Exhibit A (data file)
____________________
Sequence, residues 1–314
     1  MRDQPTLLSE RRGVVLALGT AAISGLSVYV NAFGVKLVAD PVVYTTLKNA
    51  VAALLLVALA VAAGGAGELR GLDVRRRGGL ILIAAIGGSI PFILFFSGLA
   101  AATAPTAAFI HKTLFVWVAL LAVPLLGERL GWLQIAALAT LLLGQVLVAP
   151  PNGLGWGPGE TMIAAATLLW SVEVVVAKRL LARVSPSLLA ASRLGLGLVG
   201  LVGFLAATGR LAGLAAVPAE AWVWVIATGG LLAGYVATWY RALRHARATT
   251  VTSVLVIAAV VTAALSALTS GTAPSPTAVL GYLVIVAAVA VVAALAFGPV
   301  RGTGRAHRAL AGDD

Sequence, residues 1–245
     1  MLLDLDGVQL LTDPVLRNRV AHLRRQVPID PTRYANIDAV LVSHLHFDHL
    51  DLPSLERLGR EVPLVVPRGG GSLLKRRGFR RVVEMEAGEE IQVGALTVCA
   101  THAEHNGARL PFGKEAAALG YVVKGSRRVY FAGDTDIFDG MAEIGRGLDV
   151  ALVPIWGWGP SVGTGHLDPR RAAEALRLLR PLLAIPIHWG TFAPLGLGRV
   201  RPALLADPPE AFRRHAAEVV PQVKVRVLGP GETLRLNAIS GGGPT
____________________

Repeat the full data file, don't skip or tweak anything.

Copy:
Sequence, residues 1–314
     1  MRDQPTLLSE RRGVVLALGT AAISGLSVYV NAFGVKLVAD PVVYTTLKNA
    51  VAALLLVALA VAAGGAGELR GLDVRRRGGL ILIAAIGGSI PFILFFSGLA
   101  AATAPTAAFI HKTLFVWVAL LAVPLLGERL GWLQIAALAT LLLGQVLVAP
   151  PNGLGWGPGE TMIAAATLLW SVEVVVAKRL LARVSPSLLA ASRLGLGLVG
   201  LVGFLAATGR LAGLAAVPAE AWVWVIATGG LLAGYVATWY RALRHARATT
   251  VTSVLVIAAV VTAALSALTS GTAPSPTAVL GYLVIVAAVA VVAALAFGPV
   301  RGTGRAHRAL AGDD

Sequence, residues 1–245
     1  MLLDLDGVQL LTDPVLRNRV AHLRRQVPID PTRYANIDAV LVSHLHFDHL
    51  DLPSLERLGR EVPLVVPRGG GSLLKRRGFR RVVEMEAGEE IQVGALTVCA
   101  THAEHNGARL PFGKEAAALG YVVKGSRRVY FAGDTDIFDG MAEIGRGLDV
   151  ALVPIWGWGP SVGTGHLDPR RAAEALRLLR PLLAIPIHWG TFAPLGLGRV
   201  RPALLADPPE AFRRHAAEVV PQVKVRVLGP GETLRLNAIS GGGPT